# Find values of a and b...

• Sep 24th 2007, 08:37 PM
ebonyscythe
Find values of a and b...
I'm really having trouble with these two problems in my homework... I'm just not sure where to start and would appreciate a push in the right direction.

In my class, we've just gotten through the quotient rule for derivatives.

1. Find values of a and b so that y = ax^2 + bx has a tangent line at (1,1) whose equation is y = 3x - 2

This is what I did, but my answer did not check out when I graphed it and such:

a(1)^2 + b(1) = 3(1) - 2 <---This is a guess, can I do this?
So...
a + b = 1 or b = 1-a or a = 1-b

y' = 2ax + b =3 <---since the slope of the tangent line is 3, at (1,1)
2a(1) + b = 3
So...
2a + b = 3

2a + (1-a) = 3
a = 4

2(1-b) + b = 3
2-b = 3
b = -1

But when I graphed both, the equation of the tangent line didn't lie on (1,1) of the graph y = 4x^2 - x. Where did I go wrong?

2. Find the equation of the line(s) that are tangent to the graphs of y=x^2 and y= -x^2 +6x - 5.

And I don't know where to start for this one...
• Sep 24th 2007, 09:02 PM
Jhevon
Quote:

Originally Posted by ebonyscythe
I'm really having trouble with these two problems in my homework... I'm just not sure where to start and would appreciate a push in the right direction.

In my class, we've just gotten through the quotient rule for derivatives.

1. Find values of a and b so that y = ax^2 + bx has a tangent line at (1,1) whose equation is y = 3x - 2

This is what I did, but my answer did not check out when I graphed it and such:

a(1)^2 + b(1) = 3(1) - 2 <---This is a guess, can I do this?
So...
a + b = 1 or b = 1-a or a = 1-b

y' = 2ax + b =3 <---since the slope of the tangent line is 3, at (1,1)
2a(1) + b = 3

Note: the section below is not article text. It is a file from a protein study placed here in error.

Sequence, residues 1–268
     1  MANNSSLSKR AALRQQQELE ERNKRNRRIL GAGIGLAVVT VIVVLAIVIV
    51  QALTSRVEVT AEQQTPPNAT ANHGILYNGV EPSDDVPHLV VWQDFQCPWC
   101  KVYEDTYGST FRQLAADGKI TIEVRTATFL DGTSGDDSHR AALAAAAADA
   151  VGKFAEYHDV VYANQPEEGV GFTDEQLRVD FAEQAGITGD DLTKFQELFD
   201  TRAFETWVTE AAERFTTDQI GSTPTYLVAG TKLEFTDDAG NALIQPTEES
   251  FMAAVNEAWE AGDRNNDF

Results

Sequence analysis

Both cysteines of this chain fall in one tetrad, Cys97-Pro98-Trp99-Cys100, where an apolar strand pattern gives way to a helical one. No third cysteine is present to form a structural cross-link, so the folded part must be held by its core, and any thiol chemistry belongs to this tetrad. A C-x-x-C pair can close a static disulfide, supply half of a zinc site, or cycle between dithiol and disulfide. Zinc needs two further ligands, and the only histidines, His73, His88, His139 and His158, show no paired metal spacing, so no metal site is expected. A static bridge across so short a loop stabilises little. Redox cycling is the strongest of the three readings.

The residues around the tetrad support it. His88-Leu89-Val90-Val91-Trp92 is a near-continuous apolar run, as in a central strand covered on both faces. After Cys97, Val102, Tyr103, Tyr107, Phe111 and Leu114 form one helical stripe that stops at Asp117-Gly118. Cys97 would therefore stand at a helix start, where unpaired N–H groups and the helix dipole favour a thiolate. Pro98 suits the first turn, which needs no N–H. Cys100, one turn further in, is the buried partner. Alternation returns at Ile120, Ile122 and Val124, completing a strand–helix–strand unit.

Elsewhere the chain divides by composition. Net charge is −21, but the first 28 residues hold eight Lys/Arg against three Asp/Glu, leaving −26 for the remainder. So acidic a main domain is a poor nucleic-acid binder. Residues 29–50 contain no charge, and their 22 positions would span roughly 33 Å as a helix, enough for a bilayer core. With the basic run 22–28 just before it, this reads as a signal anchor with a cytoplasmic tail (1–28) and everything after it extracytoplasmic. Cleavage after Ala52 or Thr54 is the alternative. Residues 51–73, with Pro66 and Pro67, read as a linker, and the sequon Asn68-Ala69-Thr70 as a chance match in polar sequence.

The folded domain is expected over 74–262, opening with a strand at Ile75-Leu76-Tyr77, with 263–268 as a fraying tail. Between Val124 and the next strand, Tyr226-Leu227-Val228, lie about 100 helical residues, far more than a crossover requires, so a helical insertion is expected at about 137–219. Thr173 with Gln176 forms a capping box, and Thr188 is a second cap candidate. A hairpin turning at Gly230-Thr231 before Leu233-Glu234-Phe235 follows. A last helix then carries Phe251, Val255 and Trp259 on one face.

So...
2a + b = 3

2a + (1-a) = 3
a = 4

your mistake was in this last line. you should subtract 1 from both sides, not add it. a = 2
• Sep 24th 2007, 09:16 PM
ebonyscythe
Thanks, I knew I did something ridiculous... can't believe I didn't catch that one while typing.
• Sep 24th 2007, 09:49 PM
ticbol
1. Find values of a and b so that y = ax^2 + bx has a tangent line at (1,1) whose equation is y = 3x - 2

a(1)^2 + b(1) = 3(1) - 2 <---This is a guess, can I do this?

The Lefthand side is okay, but the RHS is...where did you get that.

The RHS should be 1 only.
Yours came out as 1 also, but that is by chance only.

y = ax^2 +bx
At (1,1),
1 = a(1^2) +b(1)
1 = a +b ----------------------(1)

y' = 2ax + b =3 <---since the slope of the tangent line is 3, at (1,1)
2a(1) + b = 3
So...
2a + b = 3 -------------------(2)
Since, from (1), b = 1-a, then, in (2),
2a +(1-a) = 3
2a -a = 3 -1
And so, b = 1 -2 = -1 ----------------answer.

Check,
y = ax^2 +bx
y = 2x^2 +(-1)x
y = 2x^2 -x
Is (1,1) a point of the curve?
1 =? 2(1^2) -1
1 =? 1
Yes, so, OK.

---------------------------------------------------------

2. Find the equation of the line(s) that are tangent to the graphs of y=x^2 and y= -x^2 +6x - 5.

Say there is only one common line that is tangent to both curves

On the y = x^2 parabola,
m1 = y' = 2x

On the y = -x^2 +6x -5 parabola,
m2 = y' = -2x +6

It is the same tangent line, so its slope is the same everywhere along the line.
So, m1 = m2
2x = -2x +6
4x = 6
x = 6/4 = 3/2
And so,
m1 = 2x = 2(3/2) = 3
m2 = -2x +6 = -2(3/2) +6 = 3 also.

So the equation of the tangent line is y = 3x +b -----(i)

(i) intersects the 1st parabola at their point of tangency, so, their y's there are the same. Hence,
3x +b = x^2
x^2 -3x -b = 0 -------------------(ii)

Likewise, on the 2nd parabola,
3x +b = -x^2 +6x -5
x^2 -6x +3x +b +5 = 0
x^2 -3x +5 +b = 0 ---------------(iii)

(iii) minus (ii),
5 +b +b = 0
2b = -5
b = -5/2 --------------***

Therefore, the equation of the tangent line is
y = 3x +b -----(i)